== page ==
President Donald Trump said he held “very positive” talks Friday with his Russian counterpart Vladimir Putin on the crisis in oil-rich Venezuela, where Washington is pushing to oust the Moscow-backed president.
The US leader adopted a strikingly conciliatory tone following a more than hour-long conversation with Putin, coming days after an abortive military uprising in support of Juan Guaido, the opposition leader seeking to drive Venezuelan President Nicolas Maduro from power.
“It was a very positive conversation,” Trump said. “He is not looking at all to get involved in Venezuela other than he’d like to see something positive happen for Venezuela.”
“And I feel the same way. We want to get some humanitarian aid. Right now people are starving.”
Trump’s tone came in stark contrast to that of his top advisors, in particular Secretary of State Mike Pompeo who charged this week that the socialist Maduro had been poised to flee to Cuba, but was talked out of it by the Russians.
Recognized as interim leader by more than 50 countries including the United States, Guaido has vowed to keep the pressure up on Maduro, urging his supporters to stage peaceful demonstrations at military bases Saturday in a fresh bid to rally the armed forces behind him.
US-Russian tensions have spiked over the months-long standoff in Venezuela, and the Kremlin’s assessment of the Trump-Putin call differed substantially from that coming from the White House.
“Interference in internal affairs, attempts to change the leadership in Caracas through force, undermine the prospects for a peaceful settlement of the conflict,” said a Russian statement.
“Vladimir Putin stated that only the Venezuelan people have the right to decide the future of their country,” it added.
– Options limited? –
The United States has imposed tough sanctions and Trump has refused to take the threat of military action off the table, in an intensifying campaign to drive Maduro from power.
Washington is insisting Maduro’s days are numbered — but experts say US options for breaking the stalemate are limited, and that Washington may have overestimated the opposition leader’s strength.
Acting Defense Secretary Patrick Shanahan hosted Pompeo at the Pentagon Friday along with National Security Advisor John Bolton and Admiral Craig Faller, commander of the US Southern Command.
Reiterating Trump’s position — that “all options” are on the table — Shanahan declined to provide any details on a possible military intervention.
“I’m trying to avoid walking into ‘We could do this or we could do that,’” he said. “What people should feel confident about is we have… there’s depth to these plans.”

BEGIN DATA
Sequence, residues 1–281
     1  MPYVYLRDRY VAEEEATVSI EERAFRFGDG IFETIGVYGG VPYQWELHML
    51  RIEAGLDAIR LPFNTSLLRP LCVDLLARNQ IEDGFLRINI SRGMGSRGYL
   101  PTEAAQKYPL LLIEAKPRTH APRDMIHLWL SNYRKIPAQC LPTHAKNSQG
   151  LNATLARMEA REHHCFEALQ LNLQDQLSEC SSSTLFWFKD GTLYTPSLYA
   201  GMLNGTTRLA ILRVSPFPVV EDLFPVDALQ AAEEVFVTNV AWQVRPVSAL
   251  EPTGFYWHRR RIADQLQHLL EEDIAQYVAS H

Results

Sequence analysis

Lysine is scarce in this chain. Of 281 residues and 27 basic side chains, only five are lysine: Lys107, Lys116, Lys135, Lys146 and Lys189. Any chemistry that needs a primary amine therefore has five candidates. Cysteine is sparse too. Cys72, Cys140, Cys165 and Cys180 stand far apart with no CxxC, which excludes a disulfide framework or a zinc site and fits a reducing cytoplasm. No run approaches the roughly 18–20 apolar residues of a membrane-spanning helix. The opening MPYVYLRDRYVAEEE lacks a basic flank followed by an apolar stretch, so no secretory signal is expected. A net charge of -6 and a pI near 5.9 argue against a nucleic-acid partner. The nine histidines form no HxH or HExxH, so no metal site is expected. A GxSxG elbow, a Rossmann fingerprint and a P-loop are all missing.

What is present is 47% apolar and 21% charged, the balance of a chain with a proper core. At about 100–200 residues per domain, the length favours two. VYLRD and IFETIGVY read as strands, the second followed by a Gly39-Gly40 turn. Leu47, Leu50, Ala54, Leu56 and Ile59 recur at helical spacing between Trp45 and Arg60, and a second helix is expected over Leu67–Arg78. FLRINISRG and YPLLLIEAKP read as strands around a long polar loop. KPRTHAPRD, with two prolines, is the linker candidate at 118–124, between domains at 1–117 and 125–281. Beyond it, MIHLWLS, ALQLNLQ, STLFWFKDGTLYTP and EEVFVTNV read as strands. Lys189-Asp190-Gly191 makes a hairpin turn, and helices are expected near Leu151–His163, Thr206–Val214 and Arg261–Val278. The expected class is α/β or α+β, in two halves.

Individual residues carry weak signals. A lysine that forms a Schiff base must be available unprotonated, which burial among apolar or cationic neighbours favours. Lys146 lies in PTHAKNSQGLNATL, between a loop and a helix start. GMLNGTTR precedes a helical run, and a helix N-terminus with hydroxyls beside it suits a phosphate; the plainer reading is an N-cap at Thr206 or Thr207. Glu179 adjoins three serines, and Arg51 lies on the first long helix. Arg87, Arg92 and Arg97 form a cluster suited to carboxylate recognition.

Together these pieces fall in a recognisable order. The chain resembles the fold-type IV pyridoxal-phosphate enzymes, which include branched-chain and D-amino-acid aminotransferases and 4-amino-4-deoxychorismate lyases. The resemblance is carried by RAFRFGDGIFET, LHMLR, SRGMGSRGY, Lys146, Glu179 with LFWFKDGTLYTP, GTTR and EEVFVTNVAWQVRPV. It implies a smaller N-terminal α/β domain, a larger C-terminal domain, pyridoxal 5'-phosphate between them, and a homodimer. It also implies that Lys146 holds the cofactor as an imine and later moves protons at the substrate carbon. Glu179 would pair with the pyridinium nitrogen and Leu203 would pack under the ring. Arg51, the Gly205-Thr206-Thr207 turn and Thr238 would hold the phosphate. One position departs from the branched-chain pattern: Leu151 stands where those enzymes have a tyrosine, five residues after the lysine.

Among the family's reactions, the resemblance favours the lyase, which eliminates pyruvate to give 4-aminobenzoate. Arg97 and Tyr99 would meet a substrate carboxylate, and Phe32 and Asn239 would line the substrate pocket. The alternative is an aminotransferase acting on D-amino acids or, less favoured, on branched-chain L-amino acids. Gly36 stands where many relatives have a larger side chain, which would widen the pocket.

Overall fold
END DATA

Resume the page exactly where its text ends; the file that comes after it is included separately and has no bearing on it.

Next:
“We have a comprehensive set of options tailored to certain conditions and I’m just going to leave it at that.”
– ‘Peacefully, civically’ –
Guaido plans to have his supporters mass outside military bases on Saturday, and deliver a proclamation to those inside, pleading with them to break with Maduro.
“Peacefully, civically… we are going to deliver a simple document, a proclamation to the Armed Forces to listen to the Venezuelan call, that a rapid transition is possible to produce free elections,” Guaido told a press conference in Caracas.
Tensions in Venezuela have soared since Guaido, the 35-year-old head of the National Assembly, invoked the constitution to declare himself acting president on January 23, claiming Maduro’s re-election last year was illegitimate.
On Tuesday the opposition leader called on the military to rise up against Maduro, and a small group heeded his call.
But the movement petered out — with 25 rebel soldiers seeking asylum at the Brazilian embassy in Caracas — sparking two days of protests during which four people were killed and some 200 injured.
The influential opposition figure Leopoldo Lopez — who made a dramatic appearance alongside Guaido after being freed from house arrest — has since taken refuge at the Spanish embassy.
Venezuela’s military leadership has since reiterated its support for the government, and Maduro is standing his ground.
In Lima, ministers from Latin American nations and Canada held an emergency meeting to discuss Tuesday’s failed effort.
The lack of progress left nations backing Guaido facing “a very confusion situation,” a diplomatic source told AFP on the sidelines of the meeting.
“The reality is that the military leadership resisted the attack and are united,” he said.
“There are cracks, but not in the military leadership,” said the source. “International pressure via economic sanctions is the way to weaken the Chavist regime.”
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